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Understanding effects of finance for climate change adaptation

This project seeks to answer the question of “What works?” in climate change adaptation finance. By looking at literature on past adaptation projects, this research aims to enhance understanding about how the sources and nature of funding and other key characteristics affect outcomes. The work will examine a wide range of adaptation efforts in sub-Saharan Africa. The project is funded by the Centre of Excellence for Development Impact and Learning, and SEI.

Inactive project


Note: The funding for this project was discontinued in March 2021. As a result, the review will not be completed as originally had been planned. The protocol developed for the review is presented here so that it may inform other future work.

A tea picker in Kenya. Photo: Chris Jackson / Getty Images

This research project is a mixed method systematic review that aims to synthesize evidence about what determines the effectiveness of finance in low- and middle-income countries in sub-Saharan Africa. It seeks to provide insights about how various financial instruments and other key characteristics affect outcomes – by supporting, impeding, or failing to have a meaningful impact for on-the-ground efforts to adapt to climate change. The review will examine the results of adaptation projects  in a wide variety of sectors, funded by a specific set of multilateral climate funds and two bilateral funders. The Climate Adaptation Effectiveness Project aims to answer the following questions:

  • Are the adaptation projects effective?
  • Do the projects lead to specific adaptation outcomes? If so, how?
  • Do certain financial conditions – such as the type of financial instrument, the size of funding, and the method of delivery – affect the adaptation outcomes? If so, how?
  • Do other elements of the implementation context – such as the scale of implementation, the extent of stakeholder involvement, and the use of government policies and scientific expertise – affect adaptation outcomes? If so, how?

In low- and middle-income countries, climate change impacts and extreme weather events often compound existing stresses, such as poverty and inequality. Though developed countries have committed to jointly mobilize funding to facilitate climate action in developing countries, funding levels for adaptation thus far are well below the estimated amounts needed.

To increase the flow of adaptation finance, and to make investments as effective as possible, greater understanding is needed about what has worked so far, and what has not.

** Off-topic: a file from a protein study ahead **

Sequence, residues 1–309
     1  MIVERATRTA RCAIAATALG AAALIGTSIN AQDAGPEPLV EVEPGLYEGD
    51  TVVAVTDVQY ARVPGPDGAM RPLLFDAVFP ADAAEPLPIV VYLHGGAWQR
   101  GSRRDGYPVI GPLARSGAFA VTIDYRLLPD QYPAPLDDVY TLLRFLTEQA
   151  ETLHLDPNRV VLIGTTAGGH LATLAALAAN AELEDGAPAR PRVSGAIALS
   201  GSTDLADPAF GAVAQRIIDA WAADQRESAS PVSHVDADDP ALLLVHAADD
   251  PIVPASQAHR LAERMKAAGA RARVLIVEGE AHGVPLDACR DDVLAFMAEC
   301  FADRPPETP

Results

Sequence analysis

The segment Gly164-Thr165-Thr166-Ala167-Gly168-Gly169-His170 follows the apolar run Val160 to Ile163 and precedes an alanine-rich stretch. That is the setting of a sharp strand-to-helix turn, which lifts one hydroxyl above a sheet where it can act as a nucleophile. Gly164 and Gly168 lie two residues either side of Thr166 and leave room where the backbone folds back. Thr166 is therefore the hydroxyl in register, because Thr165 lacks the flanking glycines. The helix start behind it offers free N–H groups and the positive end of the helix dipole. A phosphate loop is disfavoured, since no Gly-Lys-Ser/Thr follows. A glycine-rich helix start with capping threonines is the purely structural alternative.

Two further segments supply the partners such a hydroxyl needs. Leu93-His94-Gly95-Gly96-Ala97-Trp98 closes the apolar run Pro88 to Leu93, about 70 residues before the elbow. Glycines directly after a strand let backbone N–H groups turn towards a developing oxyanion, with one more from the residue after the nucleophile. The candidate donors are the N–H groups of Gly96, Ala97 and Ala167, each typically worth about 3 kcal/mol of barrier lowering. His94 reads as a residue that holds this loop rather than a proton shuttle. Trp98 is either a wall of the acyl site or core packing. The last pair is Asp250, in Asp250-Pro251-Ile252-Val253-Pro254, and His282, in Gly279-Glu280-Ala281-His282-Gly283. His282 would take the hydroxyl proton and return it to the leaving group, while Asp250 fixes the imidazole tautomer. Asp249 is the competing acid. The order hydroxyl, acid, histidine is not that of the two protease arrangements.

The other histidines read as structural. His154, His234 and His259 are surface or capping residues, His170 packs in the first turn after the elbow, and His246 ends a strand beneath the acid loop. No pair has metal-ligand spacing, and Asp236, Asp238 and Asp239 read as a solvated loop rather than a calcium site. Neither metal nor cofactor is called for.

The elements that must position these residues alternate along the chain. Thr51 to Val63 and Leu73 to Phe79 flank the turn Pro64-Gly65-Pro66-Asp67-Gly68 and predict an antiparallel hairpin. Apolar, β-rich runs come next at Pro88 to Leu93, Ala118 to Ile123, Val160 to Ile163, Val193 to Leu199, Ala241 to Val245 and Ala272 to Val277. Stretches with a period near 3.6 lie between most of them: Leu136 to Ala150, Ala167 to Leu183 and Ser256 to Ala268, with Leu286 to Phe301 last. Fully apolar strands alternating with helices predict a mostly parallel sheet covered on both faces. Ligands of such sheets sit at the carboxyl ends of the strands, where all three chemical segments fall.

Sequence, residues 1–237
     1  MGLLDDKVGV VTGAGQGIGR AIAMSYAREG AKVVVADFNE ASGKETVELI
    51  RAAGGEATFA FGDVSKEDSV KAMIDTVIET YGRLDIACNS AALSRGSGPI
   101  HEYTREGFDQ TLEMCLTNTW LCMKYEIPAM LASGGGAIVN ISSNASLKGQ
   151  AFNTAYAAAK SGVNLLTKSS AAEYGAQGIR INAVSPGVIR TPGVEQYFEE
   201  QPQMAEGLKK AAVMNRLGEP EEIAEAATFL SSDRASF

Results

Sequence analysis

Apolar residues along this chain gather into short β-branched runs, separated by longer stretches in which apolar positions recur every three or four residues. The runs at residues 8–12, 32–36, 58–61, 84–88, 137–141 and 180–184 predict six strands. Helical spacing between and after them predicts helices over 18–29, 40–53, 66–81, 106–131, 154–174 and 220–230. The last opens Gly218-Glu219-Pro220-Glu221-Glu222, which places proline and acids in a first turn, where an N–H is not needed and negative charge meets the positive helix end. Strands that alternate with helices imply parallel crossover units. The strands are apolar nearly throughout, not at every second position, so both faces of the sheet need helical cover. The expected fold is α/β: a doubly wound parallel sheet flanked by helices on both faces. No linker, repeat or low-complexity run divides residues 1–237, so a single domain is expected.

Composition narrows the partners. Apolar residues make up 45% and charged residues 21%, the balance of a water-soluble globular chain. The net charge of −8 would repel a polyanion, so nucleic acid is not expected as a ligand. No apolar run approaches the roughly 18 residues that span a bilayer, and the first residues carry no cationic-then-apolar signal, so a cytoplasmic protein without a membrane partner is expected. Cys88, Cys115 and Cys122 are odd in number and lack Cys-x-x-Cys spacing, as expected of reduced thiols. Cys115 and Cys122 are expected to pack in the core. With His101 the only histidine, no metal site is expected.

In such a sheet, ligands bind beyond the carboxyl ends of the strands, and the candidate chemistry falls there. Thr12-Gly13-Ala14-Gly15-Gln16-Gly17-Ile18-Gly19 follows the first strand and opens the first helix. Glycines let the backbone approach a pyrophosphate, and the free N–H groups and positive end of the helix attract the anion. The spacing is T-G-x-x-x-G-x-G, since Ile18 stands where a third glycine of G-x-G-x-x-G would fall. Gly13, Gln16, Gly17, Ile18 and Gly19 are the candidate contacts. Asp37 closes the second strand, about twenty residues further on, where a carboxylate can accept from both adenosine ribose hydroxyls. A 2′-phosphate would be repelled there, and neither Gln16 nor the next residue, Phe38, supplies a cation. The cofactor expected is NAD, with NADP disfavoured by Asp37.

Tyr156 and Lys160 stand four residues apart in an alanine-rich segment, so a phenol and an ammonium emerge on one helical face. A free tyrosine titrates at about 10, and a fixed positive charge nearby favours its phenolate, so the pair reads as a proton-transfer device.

Previous assessments have taken one of two distinct approaches. In the first, researchers have focused on the procedural aspects of funding instruments, and equity in the allocation of funding. In the second, researchers have assessed the results of on-the-ground adaptation activities. Between these two approaches lies a synthesis gap  – the matter of how the funding instruments that underpin adaptation projects affect the effectiveness of adaptation to climate risks.

The work will address this gap by examining the roles played by different finance sources and devices. The project will use a mixed method systematic review methodology to transparently and comprehensively synthesize best available evidence on the subject.

The work will target adaptation projects that received financial support from the multilateral climate funds,  the UK Foreign, Commonwealth and Development Office (FCDO) (previously known as the Department for International Development) , and from the Swedish International Development Cooperation Agency (Sida). The project continues through October 2021.

Co-design process

As a part of the planning stage of the review, SEI engaged with a variety of stakeholders. An online workshop was organized in June 2020, and the review planning document (a systematic review protocol) was opened for inputs from the general public, practitioners, researchers and other stakeholders in October and November 2020. This document details the inputs received, and provides information about how the comments were addressed. Thanks to everyone who contributed and helped to co-design the review protocol.

SEI project team

Profile picture of Richard Taylor
Richard Taylor

Senior Research Fellow

SEI Oxford

Karen Brandon
Karen Brandon

Senior Communications Officer and Editor


SEI Oxford

Nella Canales
Nella Canales

Research Fellow

SEI Headquarters

Richard J.T. Klein
Richard J. T. Klein

Team Leader: International Climate Risk and Adaptation; Senior Research Fellow

SEI Headquarters

Biljana Macura
Biljana Macura

Senior Research Fellow and Team Lead

SEI Headquarters

Fedra Vanhuyse
Fedra Vanhuyse

Head of Division: Societies, Climate and Policy Support

SEI Headquarters

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